Microsoft’s Kudo Tsunoda is one of the men in charge of HoloLens, a headset that lets you see virtual objects as if they existed in the real world. At E3 2015, he told me a bit about what we can expect from Microsoft’s holographic computer at launch—and admitted that one key issue will still need some ironing out.
Pretty much every journalist who’s ever tried HoloLens will tell you the same thing. It’s an amazing experience—right up until you turn your head a little bit and watch the holograms disappear. The HoloLens’s transparent display has a ridiculously tiny field of view, meaning that CG objects only appear in the center of your vision right now.
Sadly, according to Tsunoda, that might not improve much by the time you’re using it.
Gizmodo: Is there any technological way to solve that narrow field of view, or is this field of view what you’re looking at for the first version of the device?
Tsunoda: None of the devices that we have are final. So as things progress over time, as we finalize the hardware, you’ll see that some things will change.
The field of view in the device you see today… it certainly is not final, and yet I wouldn’t expect any kind of dramatic difference in what the field of view that we have. So I do think we’re doing good things as far as how we design the experiences, using things like spacial audio to clue you into what’s going on around you. It’s not final, but I would also say it’s not a huge dramatic difference in the final version from what you see today.
What is an average person going to want to buy a HoloLens for—if they don’t work for NASA’s Jet Propulsion Laboratory, or if they’re not necessarily a die-hard, cutting edge, have-the-latest-peripherals gamer?
Tsunoda: Microsoft HoloLens is not a gaming peripheral, it’s fully untethered, so you’re not attaching Microsoft HoloLens to anything. It’s a standalone holographic computer. So it’s like asking, you know, “Hey what is the main thing you’re going to do when you go buy a PC?”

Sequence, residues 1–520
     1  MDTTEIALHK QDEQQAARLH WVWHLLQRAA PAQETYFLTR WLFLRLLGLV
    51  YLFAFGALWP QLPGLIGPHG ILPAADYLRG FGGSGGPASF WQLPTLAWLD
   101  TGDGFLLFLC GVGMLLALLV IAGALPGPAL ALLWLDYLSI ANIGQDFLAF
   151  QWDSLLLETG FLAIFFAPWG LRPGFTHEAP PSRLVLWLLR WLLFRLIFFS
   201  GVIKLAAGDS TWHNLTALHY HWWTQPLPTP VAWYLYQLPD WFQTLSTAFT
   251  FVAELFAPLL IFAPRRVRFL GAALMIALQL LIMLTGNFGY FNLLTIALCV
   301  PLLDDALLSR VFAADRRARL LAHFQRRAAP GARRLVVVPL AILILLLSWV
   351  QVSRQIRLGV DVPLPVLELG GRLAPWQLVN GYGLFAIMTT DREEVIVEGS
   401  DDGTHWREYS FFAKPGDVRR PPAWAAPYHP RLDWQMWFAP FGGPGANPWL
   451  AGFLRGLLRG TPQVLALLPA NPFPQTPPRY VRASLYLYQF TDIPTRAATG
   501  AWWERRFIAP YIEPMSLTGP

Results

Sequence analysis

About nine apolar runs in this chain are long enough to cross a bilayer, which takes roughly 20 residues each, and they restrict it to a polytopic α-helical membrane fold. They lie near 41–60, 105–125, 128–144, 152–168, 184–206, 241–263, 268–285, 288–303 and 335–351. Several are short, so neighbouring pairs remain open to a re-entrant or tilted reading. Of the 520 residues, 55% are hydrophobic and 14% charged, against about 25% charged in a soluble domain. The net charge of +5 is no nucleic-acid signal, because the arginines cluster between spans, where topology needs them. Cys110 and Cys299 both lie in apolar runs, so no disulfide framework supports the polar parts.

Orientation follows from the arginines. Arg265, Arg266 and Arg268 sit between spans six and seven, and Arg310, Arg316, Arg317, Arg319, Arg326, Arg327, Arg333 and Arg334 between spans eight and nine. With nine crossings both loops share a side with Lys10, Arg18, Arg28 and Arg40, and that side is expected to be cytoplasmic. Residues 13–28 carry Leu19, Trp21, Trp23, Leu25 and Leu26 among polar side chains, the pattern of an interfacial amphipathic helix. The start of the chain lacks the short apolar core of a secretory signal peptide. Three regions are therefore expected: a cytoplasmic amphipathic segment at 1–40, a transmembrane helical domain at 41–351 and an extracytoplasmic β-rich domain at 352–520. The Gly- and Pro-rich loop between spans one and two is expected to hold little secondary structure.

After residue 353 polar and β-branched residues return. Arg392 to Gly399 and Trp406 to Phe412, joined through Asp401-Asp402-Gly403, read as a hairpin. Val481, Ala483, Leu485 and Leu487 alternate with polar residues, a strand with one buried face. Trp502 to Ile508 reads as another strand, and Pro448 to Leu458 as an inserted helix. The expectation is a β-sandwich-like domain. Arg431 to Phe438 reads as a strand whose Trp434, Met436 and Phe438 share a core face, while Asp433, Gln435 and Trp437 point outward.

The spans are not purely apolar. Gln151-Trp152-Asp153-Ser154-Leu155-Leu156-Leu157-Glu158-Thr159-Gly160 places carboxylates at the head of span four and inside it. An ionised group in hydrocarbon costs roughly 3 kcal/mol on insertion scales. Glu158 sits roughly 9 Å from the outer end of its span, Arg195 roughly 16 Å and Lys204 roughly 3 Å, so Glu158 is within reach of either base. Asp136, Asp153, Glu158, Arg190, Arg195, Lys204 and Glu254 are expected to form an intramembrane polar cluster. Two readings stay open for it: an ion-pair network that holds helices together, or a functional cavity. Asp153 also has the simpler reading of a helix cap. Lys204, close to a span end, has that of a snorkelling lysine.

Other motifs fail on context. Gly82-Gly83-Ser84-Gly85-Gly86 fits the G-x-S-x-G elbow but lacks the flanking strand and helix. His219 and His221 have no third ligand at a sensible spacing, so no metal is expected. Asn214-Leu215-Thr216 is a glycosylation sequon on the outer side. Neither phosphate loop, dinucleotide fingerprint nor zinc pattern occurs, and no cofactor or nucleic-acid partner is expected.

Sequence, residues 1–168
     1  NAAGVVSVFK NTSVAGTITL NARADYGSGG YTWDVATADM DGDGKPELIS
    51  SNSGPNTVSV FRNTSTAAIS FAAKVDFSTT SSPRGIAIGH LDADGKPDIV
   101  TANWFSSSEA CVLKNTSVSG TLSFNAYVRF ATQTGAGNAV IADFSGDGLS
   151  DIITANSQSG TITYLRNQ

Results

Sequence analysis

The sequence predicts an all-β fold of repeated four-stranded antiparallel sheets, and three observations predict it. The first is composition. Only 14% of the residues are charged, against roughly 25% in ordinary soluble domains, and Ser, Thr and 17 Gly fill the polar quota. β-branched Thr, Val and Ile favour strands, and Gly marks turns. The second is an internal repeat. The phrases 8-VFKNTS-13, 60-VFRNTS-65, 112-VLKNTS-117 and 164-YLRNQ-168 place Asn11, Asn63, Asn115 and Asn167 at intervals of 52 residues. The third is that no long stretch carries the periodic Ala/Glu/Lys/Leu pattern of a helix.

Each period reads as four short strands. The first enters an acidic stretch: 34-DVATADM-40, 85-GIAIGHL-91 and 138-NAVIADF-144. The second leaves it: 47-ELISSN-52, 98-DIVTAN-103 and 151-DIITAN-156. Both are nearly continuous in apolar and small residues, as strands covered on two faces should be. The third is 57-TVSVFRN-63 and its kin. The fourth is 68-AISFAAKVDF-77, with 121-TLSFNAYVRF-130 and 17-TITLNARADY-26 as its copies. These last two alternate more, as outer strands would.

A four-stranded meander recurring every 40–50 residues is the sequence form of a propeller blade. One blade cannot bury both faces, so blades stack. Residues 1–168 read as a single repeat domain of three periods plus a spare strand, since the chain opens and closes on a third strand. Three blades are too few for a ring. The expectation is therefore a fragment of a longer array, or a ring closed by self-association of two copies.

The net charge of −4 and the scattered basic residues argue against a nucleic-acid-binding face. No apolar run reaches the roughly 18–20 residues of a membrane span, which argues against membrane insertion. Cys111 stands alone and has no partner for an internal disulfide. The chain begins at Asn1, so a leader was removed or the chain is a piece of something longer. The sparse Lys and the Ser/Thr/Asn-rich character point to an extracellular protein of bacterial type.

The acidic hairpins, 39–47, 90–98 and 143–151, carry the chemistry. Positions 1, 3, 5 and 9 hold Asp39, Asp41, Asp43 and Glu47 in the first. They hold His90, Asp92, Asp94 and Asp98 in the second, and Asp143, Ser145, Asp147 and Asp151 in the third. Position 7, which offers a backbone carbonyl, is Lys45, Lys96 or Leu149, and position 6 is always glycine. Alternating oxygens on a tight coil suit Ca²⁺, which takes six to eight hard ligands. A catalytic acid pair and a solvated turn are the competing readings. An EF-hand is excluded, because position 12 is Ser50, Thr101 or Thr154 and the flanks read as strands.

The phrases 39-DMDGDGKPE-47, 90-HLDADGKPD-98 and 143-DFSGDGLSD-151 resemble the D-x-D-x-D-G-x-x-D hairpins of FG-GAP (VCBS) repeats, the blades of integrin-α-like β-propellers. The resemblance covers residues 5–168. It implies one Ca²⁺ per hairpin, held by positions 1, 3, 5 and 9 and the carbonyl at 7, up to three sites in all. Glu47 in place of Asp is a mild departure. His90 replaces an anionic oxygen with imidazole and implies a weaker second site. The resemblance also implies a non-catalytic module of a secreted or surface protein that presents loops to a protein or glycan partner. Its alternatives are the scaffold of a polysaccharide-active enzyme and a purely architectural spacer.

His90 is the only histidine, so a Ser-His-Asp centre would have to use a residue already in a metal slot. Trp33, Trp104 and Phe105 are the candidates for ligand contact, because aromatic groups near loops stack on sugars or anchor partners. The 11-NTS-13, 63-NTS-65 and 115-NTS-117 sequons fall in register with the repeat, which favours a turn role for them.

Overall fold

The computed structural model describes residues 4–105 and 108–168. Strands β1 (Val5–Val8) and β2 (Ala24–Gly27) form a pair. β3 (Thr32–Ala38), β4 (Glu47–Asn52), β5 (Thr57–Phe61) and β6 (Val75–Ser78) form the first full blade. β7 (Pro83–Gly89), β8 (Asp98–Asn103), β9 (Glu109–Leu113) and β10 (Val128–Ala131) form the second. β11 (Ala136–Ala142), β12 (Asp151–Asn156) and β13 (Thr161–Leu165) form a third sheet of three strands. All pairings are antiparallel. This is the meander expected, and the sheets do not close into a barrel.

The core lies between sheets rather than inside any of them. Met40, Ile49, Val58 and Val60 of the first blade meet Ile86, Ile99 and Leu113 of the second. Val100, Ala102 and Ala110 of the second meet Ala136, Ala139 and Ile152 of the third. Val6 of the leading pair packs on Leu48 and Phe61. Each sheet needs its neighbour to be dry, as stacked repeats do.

Different people do different things with PCs. Gamers are going to love gaming on a PC. Other people will love using Skype on their PC. Other people will like learning new things, and so that’s the way we kind of think about Microsoft HoloLens. It’s not about “here’s the one thing people are going to do,” as much as it’s a multipurpose device and it really enables whatever you like to do. Now you’re able to now do it in a new medium with holograms.
We’ve seen with PCs, with phones, with tablets, that some key use cases do come out. You can build an app for anything for your smartphone, but most people use it for these eight things. What are some of the top uses that you think, at this point, they’re going to be used for by average people?
Tsunoda: I think you’re right that there are some categories of things that obviously come to the top more than others. Things like communicating with other people, things like productivity tools, things like being able to learn, being able to create, being entertained. Those are kind of the main use cases of a PC, and those are the same things that you really see us showcasing and highlighting with Microsoft HoloLens.
Am I doing the exact same things I’d be doing on my PC, or slightly different things?
Tsunoda: Any universal Windows app you’ll also be able to use with Microsoft HoloLens, and then we’re generating special built-from-the-ground-up holographic experiences that you’ll be able to use as well. So you’ll be able to have a good mix of both of those.
But not my desktop, I’m not going to see my Windows desktop on there and pull up all my old apps and windows and everything, yes?
Tsunoda: If they’re universal windows apps you’ll be able to have those on Microsoft HoloLens, and then just by the nature of things we’re customizing [the desktop.] Obviously there’ll be a very familiar and friendly desktop but we do customize a little bit for the holographic environment, so that people can have the best user experience. It will definitely feel very familiar and very Windows.
When can we expect to get HoloLens ourselves?
Tsunoda: We’re talking about delivering Microsoft HoloLens and holograms within the Windows 10 timeframe. With Windows 10 coming at the end of July it’s not going to be there at launch, but we’re not talking about years into the future either.
So it’s not 10.5, it’s not 10.8, it could be 10.1 or 10.0?
It’ll be in the Windows 10 timeframe, but it’s not going to be that far off.
This interview has been lightly edited for brevity.
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via Gizmodo http://bit.ly/1IbwcrF